In a return to his old fighting form last week, President Trump suggested that his electoral rival, Joe Biden, should go to prison for an unspecified offense he labeled the “greatest political crime in the history of our country.”
In response, Biden did nothing, holding back in silence for hours after Trump’s interview aired Thursday on Fox Business Network, until the presumptive Democratic nominee’s campaign finally sent out a tweet.
“There’s nothing that the American people cannot accomplish when we stand together — one nation, united in purpose,” it read.
The cheery non sequitur underscored a core presumption of Biden’s senior team as it enters a new phase of the presidential campaign, one marked by hourly offensives from one of the most accomplished political pugilists in American history, who now enjoys the largest electoral cash advantage of the modern era.
Biden’s advisers, aware of what Trump is preparing to fire at him, describe themselves as dead set against being triggered by his provocations or engaging with him on his terms. Voters will decide the election, they believe, in response to the crisis now engulfing the nation, not the spectacle of Trump’s Twitter feed.
The most explosive Trump volleys have been dismissed by them as distractions — so far at least — even as Trump’s attacks on the former vice president’s competence and economic record stir more concern and response.
“The context of this race is different than anything anyone has experienced since probably 1932,” said Anita Dunn, a senior strategist for the Biden campaign. “The question that the American people are going to be posed in 2020 will be: Who do you trust as we enter this new phase of this nation’s history?”
Some of Biden’s top advisers have gone even further, predicting that Trump’s tactics of embracing false conspiracy theories and stirring up hurricanes of controversy could backfire, given an unemployment rate approaching 20 percent and a viral pandemic that has already killed nearly 90,000.
“The public is really focused on what matters in this election. And they’re not being dragged into side issues and they are not being dragged into manufactured issues,” said Mike Donilon, the Biden campaign’s senior strategist. “It’s just too serious. So I think Trump is risking a real problem in trying to push the conversation to a place where the country knows that’s not what’s at stake.”
It’s a wager the Trump campaign’s top advisers are happy to take. After more than two months of mixed messages and inconsistent strategy, Trump chose the second week of May to finally launch his campaign at its full power against Biden, attacking his record, his integrity and his mental acuity with a media blitz anchored by about $10 million in television ads in the key swing states of Pennsylvania, Wisconsin, Michigan, Florida, Arizona, Iowa and North Carolina. Trump has focused extensively on Pennsylvania and Florida in recent conversations with political advisers, who met with him in the Oval Office last week.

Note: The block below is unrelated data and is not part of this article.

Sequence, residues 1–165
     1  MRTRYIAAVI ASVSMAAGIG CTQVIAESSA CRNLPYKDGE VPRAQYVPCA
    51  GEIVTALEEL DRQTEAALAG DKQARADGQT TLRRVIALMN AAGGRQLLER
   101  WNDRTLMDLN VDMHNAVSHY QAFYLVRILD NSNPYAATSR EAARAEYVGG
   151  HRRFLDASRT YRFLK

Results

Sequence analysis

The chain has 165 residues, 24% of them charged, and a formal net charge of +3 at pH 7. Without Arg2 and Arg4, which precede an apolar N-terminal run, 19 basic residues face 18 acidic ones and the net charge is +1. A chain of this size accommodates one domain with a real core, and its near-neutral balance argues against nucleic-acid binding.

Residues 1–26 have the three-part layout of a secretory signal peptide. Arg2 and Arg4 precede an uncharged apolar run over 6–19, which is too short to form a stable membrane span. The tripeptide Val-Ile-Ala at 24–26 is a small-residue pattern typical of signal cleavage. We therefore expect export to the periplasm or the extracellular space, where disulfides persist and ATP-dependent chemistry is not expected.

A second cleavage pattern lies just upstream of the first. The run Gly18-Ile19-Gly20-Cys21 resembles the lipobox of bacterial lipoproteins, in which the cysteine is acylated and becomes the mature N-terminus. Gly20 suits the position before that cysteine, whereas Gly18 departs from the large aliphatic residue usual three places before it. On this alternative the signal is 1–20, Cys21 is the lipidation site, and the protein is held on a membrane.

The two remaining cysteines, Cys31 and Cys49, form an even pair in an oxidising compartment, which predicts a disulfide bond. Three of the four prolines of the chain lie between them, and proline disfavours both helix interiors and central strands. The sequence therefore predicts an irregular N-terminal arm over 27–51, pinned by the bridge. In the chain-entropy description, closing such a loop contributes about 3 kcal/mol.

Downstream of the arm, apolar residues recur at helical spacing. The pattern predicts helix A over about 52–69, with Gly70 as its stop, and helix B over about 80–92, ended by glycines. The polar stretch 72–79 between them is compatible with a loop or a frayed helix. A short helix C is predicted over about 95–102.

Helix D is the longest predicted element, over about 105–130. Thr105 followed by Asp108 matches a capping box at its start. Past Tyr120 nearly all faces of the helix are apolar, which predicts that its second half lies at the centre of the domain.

Pro-Trump ads in the electoral battlegrounds now outnumber Democratic ads for the first time this year, by a margin of about 2 to 1 since the beginning of the month, according to Democratic advertising tracking data provided to The Washington Post. And that is just part of the effort Trump campaign manager Brad Parscale calls “omnichannel,” a reference to the scope of its delivery systems, which include online advertising, social media posts, phone banking and an extensive surrogate operation.
On Facebook, the Trump campaign debuted new ads calling Biden a “corrupt BIG GOVERNMENT SOCIALIST,” and others attacking his record on guns and immigration. One set of digital ads casts the former vice president as a puppet in the hand of Chinese President Xi Jingping, and another photoshops Biden as a spoon-fed invalid in a nursing home with the caption “Too Old?”
Trump allies and advisers are likely to slam Biden for other unproven charges, such as allegations about women and being mentally disabled. The president’s son, Donald Trump Jr., posted an image Saturday on Instagram that showed an alligator calling Biden a pedophile, an allegation with no foundation. In emojis, the younger Trump indicated he found the image to be funny.
Among the other messages the Republican National Committee and the Trump campaign have tested in polling: Biden’s support for the Iran nuclear deal, his boast of wanting to get rid of fossil fuels, his vote for the North American Free Trade Agreement and his support for access to health insurance for undocumented immigrants. They have also tested attacks about members of Biden’s family making money while he held public office, his vote for the Iraq War, his personal wealth and his tendency to stumble over his words.
Among the attacks that have polled better, advisers say: Hitting him on China, NAFTA, support for the Green New Deal and Iran.
Parscale and his team have tested positive messages about Trump and did not get the same results, according to people familiar with the campaign tests. But there are some limits to how well some of the attacks might work. After voters in the 17-state RNC survey were provided an onslaught of negative statements about Biden, the Democrat still won by 1 percent over Trump, compared with 3 percent before they heard the statements, an official familiar with the poll said. The official spoke on the condition of anonymity to describe the findings.
One adviser said of Trump: “We are testing if he still has the amazing ability to get people to vote for him who say they can’t stand him.”
The sheer volume of attacks is part of the strategy, an effort to overwhelm a Biden campaign that is still finding its footing after a near standing start at the end of the Democratic primaries.